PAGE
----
The Advent Log, now fully lit, glowed and twinkled like stars in the Bethlehem sky. As I watched the flickering flames, I felt a warmth in my heart, and it all made sense. The Advent Log had transformed from an ordinary log into a bright shining reminder that Jesus is the light of the world.
Year after year, my family used the Advent Log to celebrate the Advent season in this special way. It became a cherished Christmas tradition.
Time passed. My brothers and I grew older. One by one, we each left home to start our own families.
The Advent Log was packed away and forgotten.
Years later, my first nephew was born. As Christmas neared, my brother Nathan held his infant son and fondly recalled the many Christmases from our childhood spent around the Advent Log.
And Nathan had an idea!
He drove over to Mom and Dad’s house. Dad was sitting in his high back chair, a book in his hand and a mug of tea on the side table next to him, when Nathan walked through the front door. “Nathan! How nice to see you, son!”
“Hi, Dad!” Nathan greeted him. “Whatever happened to the old Advent Log?”
Dad tapped his chin. “Let’s go look for it.”
Together, they searched the basement until they found the Advent Log. Remnants of wax drippings were still visible on the outside; the inside still held sweet memories of bygone times with family. Dad and Nathan cleaned up the dusty, old log. Soon, it looked as good as new.
Nathan hauled home the refurbished log. And that year, he began the Advent Log tradition with his own family. One day, he will pass it on to his son too, and our cherished Advent Log will live on.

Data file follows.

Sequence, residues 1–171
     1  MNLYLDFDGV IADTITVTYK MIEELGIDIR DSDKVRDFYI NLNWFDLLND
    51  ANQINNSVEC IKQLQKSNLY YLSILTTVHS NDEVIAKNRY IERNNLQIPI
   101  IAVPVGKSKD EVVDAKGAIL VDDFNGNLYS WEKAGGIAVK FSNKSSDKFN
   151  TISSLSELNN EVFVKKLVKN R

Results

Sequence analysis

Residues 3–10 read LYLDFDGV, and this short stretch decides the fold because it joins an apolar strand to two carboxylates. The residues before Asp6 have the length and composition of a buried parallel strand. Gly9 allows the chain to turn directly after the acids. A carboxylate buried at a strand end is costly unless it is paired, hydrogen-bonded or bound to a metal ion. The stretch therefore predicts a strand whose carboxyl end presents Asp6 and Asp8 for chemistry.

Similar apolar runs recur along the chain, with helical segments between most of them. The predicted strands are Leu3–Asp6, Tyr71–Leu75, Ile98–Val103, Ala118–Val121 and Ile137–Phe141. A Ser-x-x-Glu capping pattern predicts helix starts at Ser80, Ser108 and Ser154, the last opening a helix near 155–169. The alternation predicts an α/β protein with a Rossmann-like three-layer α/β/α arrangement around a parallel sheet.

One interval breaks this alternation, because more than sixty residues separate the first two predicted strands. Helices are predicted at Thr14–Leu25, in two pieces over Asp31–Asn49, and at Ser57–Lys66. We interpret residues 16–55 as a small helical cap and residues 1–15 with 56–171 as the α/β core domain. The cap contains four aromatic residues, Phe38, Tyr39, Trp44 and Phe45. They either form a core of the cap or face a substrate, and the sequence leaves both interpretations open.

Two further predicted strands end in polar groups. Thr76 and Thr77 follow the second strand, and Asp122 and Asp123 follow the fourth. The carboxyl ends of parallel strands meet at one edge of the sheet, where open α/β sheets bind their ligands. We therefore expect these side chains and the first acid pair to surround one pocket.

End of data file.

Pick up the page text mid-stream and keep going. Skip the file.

Read all about the Birthday! Birthday! Contest here.
The rules are pretty simple. The stories have to stay at 100 words or fewer, and we have to include at least one word from each birthday girl’s list below.
I thought it would be fun to take it juuust a little further. So my silly story includes, not two, but 10 of these 12 words. 😄 Enjoy!
HAPPY BIRTHDAY, GENNIE and AMY!!! 🎉🎉
By Jessica Hinrichs
Turtle yawned, and switched off the lamp. “Bedtime!”
“Nope!” Monkey switched the lamp back on.
Monkey did crafts and puzzles, munched on cookies, and noisily slurped his milk.
“Seriously?!” Turtle said. “I’m trying to sleep here.” He switched off the lamp.
“And I’m trying to play here.” Monkey switched the lamp on.
“This is a conundrum.” Turtle sighed.
“Let’s compromise.” Monkey suggested. “One game of baseball, then I’ll go to bed.”
Monkey pitched. Turtle swung the bat.
Whoosh! The baseball flew through the air, bonking Monkey smackdab in the noggin.
Turtle switched off the lamp, smiling slyly. “Finally.”
It’s the first day of NaNoWriMo2021, so naturally that seems like a good time to procrastinate and write a new blog. Ha. 😉 I’m supposed to be working on my middle-grade project, but here we are.
There’s nothing better than being in the zone and having the words flowing freely. Sometimes my brain moves faster than my fingers can type. And other times, I stare at the screen completely paralyzed, convinced I’ll never write another comprehensible thought again.
We all get it. Inevitably, eventually, everyone hits a wall. I thought I’d put together a (non-comprehensive) list of ideas of things to do when it happens to you.
Read, just for pleasure.
Help others with critiques to get out of your own head.
Study the craft (watch webinars, read books, listen to podcasts).
Give your website a fresh new look.
Write a blog.
Start a new project altogether, submit to a magazine, enter a contest, or participate in a pitch event.
Revise a current project. Just the other day, I wasn’t sure what my middle-grade protagonist should do next, so I went back to chapter one, and now the “sun casts a pink hue across the early-morning sky.” Hey, progress is progress, right?
Send out a query or two on a project that’s complete.
Engage in social media, not only to build a following, but to grow meaningful relationships.
And last, but not least, step away and do something else you enjoy that’s completely unrelated to writing.